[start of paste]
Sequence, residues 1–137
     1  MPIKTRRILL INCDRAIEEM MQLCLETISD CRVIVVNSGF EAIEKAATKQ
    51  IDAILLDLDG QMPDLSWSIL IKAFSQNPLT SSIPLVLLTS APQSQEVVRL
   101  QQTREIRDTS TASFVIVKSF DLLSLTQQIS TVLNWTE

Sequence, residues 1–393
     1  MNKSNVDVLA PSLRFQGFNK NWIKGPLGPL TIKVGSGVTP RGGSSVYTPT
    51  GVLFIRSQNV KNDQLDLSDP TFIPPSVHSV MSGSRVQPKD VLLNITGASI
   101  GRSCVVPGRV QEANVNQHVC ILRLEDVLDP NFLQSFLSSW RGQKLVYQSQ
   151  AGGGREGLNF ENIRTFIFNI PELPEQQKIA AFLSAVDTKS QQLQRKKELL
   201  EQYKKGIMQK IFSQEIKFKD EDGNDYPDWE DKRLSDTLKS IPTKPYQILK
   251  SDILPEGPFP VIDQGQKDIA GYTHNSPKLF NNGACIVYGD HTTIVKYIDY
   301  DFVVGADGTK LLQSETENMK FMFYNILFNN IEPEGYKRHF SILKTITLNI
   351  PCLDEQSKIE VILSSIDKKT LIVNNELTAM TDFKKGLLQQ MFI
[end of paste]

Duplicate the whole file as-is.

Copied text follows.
Sequence, residues 1–137
     1  MPIKTRRILL INCDRAIEEM MQLCLETISD CRVIVVNSGF EAIEKAATKQ
    51  IDAILLDLDG QMPDLSWSIL IKAFSQNPLT SSIPLVLLTS APQSQEVVRL
   101  QQTREIRDTS TASFVIVKSF DLLSLTQQIS TVLNWTE

Sequence, residues 1–393
     1  MNKSNVDVLA PSLRFQGFNK NWIKGPLGPL TIKVGSGVTP RGGSSVYTPT
    51  GVLFIRSQNV KNDQLDLSDP TFIPPSVHSV MSGSRVQPKD VLLNITGASI
   101  GRSCVVPGRV QEANVNQHVC ILRLEDVLDP NFLQSFLSSW RGQKLVYQSQ
   151  AGGGREGLNF ENIRTFIFNI PELPEQQKIA AFLSAVDTKS QQLQRKKELL
   201  EQYKKGIMQK IFSQEIKFKD EDGNDYPDWE DKRLSDTLKS IPTKPYQILK
   251  SDILPEGPFP VIDQGQKDIA GYTHNSPKLF NNGACIVYGD HTTIVKYIDY
   301  DFVVGADGTK LLQSETENMK FMFYNILFNN IEPEGYKRHF SILKTITLNI
   351  PCLDEQSKIE VILSSIDKKT LIVNNELTAM TDFKKGLLQQ MFI